We’ve all seen the TV shows featuring a harried father rushing his wife to the hospital only to be told what she thought was labor, was just a false alarm. So how do you know for sure?
First of all, it’s important to note that what TV calls a false alarm is often just early labor. Early labor can go on for DAYS. During this time, you’ll experience mild, irregular contractions that may feel indistinguishable from the Braxton Hicks contractions you’ve grown accustomed to having. It is often women in this stage that go the hospital only to be told to return home. It isn’t exactly that they aren’t in labor at all, but rather that there is a very long way to go until they’ll be giving birth.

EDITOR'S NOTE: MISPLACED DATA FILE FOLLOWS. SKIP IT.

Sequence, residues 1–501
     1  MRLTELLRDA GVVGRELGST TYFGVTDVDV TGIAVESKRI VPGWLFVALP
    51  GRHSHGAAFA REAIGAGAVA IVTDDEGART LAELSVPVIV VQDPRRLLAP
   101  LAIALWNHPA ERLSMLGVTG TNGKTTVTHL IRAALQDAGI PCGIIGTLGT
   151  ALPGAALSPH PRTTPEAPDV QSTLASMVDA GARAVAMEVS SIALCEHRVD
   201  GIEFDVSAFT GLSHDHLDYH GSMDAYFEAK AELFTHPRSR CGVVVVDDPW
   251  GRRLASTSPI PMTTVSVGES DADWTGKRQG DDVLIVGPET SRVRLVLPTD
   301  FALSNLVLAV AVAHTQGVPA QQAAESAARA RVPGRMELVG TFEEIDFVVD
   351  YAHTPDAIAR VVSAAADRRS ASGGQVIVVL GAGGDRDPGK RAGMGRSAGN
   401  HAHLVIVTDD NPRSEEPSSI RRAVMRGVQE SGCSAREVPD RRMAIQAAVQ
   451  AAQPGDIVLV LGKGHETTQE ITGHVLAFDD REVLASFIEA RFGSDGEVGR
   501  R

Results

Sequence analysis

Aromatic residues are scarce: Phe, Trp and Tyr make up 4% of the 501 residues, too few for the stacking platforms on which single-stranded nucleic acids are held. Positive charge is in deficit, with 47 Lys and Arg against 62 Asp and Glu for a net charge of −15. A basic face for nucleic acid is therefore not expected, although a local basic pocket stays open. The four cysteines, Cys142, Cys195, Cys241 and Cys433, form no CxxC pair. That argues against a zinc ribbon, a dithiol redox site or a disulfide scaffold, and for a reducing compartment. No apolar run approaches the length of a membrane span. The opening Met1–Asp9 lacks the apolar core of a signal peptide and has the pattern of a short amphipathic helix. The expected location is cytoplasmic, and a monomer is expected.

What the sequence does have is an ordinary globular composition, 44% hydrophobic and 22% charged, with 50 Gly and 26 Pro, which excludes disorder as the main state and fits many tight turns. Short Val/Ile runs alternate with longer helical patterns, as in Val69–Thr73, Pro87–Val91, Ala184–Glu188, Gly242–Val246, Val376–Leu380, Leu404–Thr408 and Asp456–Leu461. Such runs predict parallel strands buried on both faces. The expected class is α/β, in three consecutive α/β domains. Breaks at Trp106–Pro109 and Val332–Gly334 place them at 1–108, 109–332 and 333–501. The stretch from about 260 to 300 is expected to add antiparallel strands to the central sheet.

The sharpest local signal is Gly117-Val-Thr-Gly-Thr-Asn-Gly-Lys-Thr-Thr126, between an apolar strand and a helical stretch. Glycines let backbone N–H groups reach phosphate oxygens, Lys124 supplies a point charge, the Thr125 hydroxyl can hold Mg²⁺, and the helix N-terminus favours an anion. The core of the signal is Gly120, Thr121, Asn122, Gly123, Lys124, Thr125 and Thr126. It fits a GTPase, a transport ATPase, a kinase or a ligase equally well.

Over time, the contractions get more regular, coming closer and closer together, lasting longer, and becoming more difficult to manage. This can happen slowly, or it can happen quickly. The trick is getting to the hospital at the right time. Common advice is to notify your doctor when your contractions are strong (a euphemism for painful) and coming every four to five minutes. If your water breaks (which usually occurs later in labor) you should notify your doctor immediately regardless of your contractions.
I hope that helps, please post any questions you might have!